"This challenge coin is shaped as an isometric view of a Fox-1 CubeSat, complete with details such as the stowed UHF antenna, solar cells, and camera lens viewport," AMSAT's Drew Glassbrenner, KO4MA, said in making the announcement. The coin is 3 mm thick brass and plated with antique silver and finished in bright enamel. The reverse side displays the AMSAT Fox logo. The coins were scheduled for delivery prior to the just-concluded 2014 AMSAT Space Symposium. They also will be made available upon request to qualifying donors who contributed since the Fox-1C announcement on July 18.

The Fox program is designed to provide a platform for university experiments in space, as well as provide FM repeater capability for radio amateurs worldwide. Fox-1A and 1C are set to launch in 2015, and Fox-1B -- also known as RadFXSat -- is awaiting NASA ELaNa launch assignment.

Donations to the Fox satellite program may be made via the AMSAT website, the FundRazr crowdsourcing app, or via the AMSAT office, (888) 322-6728. -- AMSAT News Service via Drew Glasbrenner, KO4MA

Radio Amateurs in India Fill Communication Gaps in Cyclone's Wake

Authorities in India called on Amateur Radio volunteers to help as powerful Cyclone (hurricane) Hudhud was poised to sweep into Bay of Bengal coastal areas of India in the state of Andhra Pradesh over the October 11-12 weekend. According to media reports, upward of 50 people have died as a result of the storm, which generated heavy rains and flooding. Winds upward of 130 MPH uprooted trees, downed utility lines, and cut off conventional telecommunication systems. Hardest hit was the city of Visakhapatnam, also known as "Vizag." Infrastructure is still being restored.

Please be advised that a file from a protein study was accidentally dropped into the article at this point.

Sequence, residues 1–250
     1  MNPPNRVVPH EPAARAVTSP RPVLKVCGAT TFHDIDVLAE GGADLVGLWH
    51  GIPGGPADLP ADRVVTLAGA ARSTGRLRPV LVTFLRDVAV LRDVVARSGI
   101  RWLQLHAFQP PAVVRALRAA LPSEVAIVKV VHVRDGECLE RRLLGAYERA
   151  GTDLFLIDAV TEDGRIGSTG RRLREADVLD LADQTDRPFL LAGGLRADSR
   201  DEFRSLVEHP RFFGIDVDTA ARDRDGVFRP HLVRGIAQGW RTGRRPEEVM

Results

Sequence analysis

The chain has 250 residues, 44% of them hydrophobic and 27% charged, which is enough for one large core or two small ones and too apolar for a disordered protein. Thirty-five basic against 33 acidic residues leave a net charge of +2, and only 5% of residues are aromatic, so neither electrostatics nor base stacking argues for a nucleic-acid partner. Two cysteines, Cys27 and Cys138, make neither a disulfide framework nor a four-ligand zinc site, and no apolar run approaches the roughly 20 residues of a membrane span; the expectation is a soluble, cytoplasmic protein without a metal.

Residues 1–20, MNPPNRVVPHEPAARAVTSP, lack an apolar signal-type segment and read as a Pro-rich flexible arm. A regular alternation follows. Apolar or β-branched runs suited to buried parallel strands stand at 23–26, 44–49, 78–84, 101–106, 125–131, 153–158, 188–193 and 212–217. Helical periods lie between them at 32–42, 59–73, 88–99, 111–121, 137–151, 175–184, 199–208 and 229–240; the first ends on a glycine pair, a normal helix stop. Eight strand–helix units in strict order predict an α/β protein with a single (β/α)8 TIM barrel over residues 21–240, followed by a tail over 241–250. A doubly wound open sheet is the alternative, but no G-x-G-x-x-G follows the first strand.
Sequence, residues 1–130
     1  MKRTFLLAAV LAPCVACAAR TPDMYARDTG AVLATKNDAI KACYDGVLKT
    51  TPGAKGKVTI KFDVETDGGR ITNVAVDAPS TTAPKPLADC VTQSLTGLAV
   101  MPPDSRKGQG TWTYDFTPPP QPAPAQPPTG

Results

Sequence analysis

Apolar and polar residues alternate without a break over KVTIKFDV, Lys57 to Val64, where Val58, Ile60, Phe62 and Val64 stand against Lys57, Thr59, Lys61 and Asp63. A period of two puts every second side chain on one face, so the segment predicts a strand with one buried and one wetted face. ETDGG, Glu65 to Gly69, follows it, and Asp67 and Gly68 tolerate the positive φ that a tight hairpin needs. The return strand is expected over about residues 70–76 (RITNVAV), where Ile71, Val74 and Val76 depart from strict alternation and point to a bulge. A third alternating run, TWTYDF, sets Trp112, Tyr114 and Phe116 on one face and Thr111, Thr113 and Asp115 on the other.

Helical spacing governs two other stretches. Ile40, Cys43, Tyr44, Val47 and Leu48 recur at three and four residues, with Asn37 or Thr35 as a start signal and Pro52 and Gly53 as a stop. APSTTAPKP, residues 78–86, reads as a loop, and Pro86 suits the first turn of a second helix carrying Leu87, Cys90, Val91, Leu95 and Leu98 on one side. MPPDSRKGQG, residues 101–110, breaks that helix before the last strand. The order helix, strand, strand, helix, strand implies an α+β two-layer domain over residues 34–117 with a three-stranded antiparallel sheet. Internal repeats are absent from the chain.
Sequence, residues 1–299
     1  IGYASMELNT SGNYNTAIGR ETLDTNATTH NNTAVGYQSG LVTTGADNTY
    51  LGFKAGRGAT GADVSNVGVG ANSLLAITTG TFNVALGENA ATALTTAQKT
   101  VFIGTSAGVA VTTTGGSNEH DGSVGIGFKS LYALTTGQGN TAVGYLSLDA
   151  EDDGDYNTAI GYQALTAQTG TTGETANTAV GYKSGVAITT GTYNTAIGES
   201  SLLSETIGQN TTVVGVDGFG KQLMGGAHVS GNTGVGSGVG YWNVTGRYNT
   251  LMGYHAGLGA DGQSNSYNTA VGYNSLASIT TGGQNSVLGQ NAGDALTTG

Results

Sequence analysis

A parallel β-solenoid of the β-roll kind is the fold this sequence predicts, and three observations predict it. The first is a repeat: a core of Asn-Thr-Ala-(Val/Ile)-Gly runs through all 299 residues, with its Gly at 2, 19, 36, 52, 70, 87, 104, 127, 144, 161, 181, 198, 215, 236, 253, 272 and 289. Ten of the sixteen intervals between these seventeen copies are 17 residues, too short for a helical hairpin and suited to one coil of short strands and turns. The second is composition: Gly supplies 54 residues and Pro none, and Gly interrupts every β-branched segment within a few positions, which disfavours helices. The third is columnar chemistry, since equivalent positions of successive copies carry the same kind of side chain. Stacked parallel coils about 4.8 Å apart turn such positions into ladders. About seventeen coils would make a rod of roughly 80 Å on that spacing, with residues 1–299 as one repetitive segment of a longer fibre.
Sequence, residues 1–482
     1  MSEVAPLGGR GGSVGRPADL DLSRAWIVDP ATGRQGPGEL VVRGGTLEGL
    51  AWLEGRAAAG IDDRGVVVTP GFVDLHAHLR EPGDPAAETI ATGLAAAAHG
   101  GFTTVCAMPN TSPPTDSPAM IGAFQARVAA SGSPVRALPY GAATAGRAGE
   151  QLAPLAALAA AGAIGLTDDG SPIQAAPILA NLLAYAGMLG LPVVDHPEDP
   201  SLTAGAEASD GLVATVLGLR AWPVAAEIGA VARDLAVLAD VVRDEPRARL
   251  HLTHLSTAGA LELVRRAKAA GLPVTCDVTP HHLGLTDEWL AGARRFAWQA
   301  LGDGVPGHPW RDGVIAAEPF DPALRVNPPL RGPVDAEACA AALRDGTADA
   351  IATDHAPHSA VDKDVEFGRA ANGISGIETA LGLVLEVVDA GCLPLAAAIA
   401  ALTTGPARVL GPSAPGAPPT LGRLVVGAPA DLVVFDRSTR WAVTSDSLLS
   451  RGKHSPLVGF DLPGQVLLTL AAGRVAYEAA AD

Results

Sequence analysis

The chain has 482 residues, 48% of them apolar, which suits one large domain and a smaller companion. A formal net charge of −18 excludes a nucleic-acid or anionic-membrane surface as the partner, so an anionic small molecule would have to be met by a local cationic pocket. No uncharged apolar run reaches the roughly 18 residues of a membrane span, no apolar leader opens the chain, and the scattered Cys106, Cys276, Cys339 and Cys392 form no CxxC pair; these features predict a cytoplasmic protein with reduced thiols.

Cyclone Hudhud comes ashore along the Odisha-Andhra coastline on the Bay of Bengal. [INSAT 3D image]

"It will take about 5 to 6 days before life returns to normal. Crews are repairing power lines, telephones and other infrastructure," said Jayu Bhide, VU2JAU, the Amateur Radio Society of India National Disaster Communication Coordinator. "There was no water, petrol pumps were out of action, and airports closed." More than 40 National Disaster Response Force teams have been engaged in rescue efforts, along with the navy and dozens of divers.

Thousands of residents were evacuated to shelters in advance of the storm. The government has been airlifting food and supplies into affected areas. The storm made landfall in the same general area struck last year by Cyclone Phailin.